Google's Vice-President of Display Advertising Neil Mohan has announced his belief that display advertising is on the increase, leading to speculation that the company will be expanding its presence in the field.

Believing that the current market could expand from its current $24bn size to be worth as much as $200bn annually -- leading to his nickname the "$200bn Man" -- Mohan has reportedly been charged to emulate the company's success within online search in the digital display market.

While the news has set alarm bells ringing across several advertising firms and groups -- some of whom have gone as far as to describe Google's approach as "parasitic" -- Mohan has on numerous occasions defended his employer arguing that they are a technology company and not directly a part of the business media sector.

Mohan believes that by delving into the display advertising market the company will be able to help other companies increase revenue and thus help the economy as a whole. "I truly believe that $200bn is the opportunity. We think there is a tremendous opportunity not just for Google but for the [media] industry."

The move comes as a part of Google's previous success which started in 2008 when Mohan joined Google after the sale of DoubleClick and carried through into 2010, when the company enjoyed a 27.5 per cent increase in its display advertising business.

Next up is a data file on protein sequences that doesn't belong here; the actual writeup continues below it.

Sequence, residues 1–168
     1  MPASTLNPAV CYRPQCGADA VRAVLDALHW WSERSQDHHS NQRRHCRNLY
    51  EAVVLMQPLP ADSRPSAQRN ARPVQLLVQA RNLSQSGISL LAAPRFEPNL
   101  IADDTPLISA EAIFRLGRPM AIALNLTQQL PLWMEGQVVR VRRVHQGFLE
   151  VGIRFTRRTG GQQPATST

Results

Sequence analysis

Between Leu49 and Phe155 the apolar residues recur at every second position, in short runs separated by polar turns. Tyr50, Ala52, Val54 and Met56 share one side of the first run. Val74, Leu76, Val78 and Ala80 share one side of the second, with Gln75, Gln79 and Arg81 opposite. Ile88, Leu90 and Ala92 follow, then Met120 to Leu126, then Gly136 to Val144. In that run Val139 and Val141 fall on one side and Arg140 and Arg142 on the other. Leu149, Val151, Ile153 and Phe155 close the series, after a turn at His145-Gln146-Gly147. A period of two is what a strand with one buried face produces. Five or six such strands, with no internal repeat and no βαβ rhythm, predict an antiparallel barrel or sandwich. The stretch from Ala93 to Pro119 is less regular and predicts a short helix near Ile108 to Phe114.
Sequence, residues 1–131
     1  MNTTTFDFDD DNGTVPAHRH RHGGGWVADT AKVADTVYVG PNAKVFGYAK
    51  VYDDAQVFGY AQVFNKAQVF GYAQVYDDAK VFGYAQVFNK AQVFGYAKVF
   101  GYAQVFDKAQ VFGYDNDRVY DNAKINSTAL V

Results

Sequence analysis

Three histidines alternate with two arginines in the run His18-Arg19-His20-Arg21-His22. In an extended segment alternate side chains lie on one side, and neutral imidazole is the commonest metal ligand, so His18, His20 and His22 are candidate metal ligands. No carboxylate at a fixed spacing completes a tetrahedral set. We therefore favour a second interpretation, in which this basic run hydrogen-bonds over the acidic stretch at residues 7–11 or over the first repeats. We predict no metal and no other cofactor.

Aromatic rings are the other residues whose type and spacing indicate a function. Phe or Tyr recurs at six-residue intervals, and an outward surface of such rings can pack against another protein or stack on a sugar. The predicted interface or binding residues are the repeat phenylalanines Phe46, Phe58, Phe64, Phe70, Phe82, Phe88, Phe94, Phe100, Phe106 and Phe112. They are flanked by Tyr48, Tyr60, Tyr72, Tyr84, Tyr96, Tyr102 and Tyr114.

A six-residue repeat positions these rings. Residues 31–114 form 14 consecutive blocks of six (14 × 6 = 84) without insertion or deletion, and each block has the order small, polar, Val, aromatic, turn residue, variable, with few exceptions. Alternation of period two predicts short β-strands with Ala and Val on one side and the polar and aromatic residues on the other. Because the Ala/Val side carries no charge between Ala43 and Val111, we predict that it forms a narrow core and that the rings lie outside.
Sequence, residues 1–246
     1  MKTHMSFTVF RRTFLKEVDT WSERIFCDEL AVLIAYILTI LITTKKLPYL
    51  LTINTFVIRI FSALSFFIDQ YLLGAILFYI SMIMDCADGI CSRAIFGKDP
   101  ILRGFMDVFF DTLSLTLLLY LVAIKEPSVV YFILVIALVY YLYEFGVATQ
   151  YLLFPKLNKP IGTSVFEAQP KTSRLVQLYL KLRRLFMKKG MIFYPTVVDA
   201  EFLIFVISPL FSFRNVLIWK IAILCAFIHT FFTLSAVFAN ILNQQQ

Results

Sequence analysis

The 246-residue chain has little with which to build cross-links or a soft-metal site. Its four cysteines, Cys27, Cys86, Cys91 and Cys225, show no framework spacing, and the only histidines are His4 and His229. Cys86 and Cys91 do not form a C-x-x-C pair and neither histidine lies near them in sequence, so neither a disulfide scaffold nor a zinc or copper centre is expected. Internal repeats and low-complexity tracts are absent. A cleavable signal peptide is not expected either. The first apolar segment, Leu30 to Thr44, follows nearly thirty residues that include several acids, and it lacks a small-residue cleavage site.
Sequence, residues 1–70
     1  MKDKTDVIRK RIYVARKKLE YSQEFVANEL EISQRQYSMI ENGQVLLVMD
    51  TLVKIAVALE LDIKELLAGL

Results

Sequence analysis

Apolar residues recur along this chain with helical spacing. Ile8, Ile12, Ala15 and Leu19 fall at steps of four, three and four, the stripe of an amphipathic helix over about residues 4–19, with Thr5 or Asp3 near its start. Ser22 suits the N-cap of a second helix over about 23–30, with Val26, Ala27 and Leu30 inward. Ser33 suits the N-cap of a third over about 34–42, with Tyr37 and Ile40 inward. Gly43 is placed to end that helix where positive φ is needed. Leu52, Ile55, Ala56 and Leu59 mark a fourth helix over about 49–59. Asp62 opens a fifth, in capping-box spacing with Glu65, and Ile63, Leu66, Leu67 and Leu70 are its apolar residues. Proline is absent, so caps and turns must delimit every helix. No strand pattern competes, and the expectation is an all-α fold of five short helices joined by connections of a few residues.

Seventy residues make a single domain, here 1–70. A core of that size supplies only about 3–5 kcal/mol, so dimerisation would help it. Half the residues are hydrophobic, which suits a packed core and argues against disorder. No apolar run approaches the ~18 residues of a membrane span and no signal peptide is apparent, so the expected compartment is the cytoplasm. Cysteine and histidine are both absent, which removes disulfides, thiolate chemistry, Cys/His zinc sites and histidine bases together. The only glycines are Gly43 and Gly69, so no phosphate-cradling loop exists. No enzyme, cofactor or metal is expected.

In numerous interviews and posts onto Google's blog, Mohan has expressed his belief that as a result of the inherent flaws of the $170bn-a-year TV advertising market -- which takes up to six-months to release an advert -- a serious window of opportunity has opened for display advertising.

Mohan has argued that given Google's knowledge and success in search, the company could expand creating a "one-stop digital shop" that would allow agencies and firms to immediately and intelligently buy ad-space based on real-time viewing data.

If implemented the new system could lead to a process of real-time bidding for ad-space, with each company vying to get its ad into the prime traffic location. Similar to the current system used in the Stock Exchange this would allow companies to snap up last minute deals on certain prime ad-spaces.

Yet despite Mohan's optimism, several companies have already expressed concerns about the possible monopoly Google could develop using such a system. Many have argued that if implemented, such a model would allow Google to slowly remove the need for the middle-men advertising firms, making it easier -- and significantly cheaper -- for companies to simply deal directly with Google.

Whether such criticisms will directly influence Google's decision remains doubtful. Indeed, if Google's past actions are anything to go by, it seems likely many advertising firms may soon be forced not only to deal with Google but also share yet another corner of the market.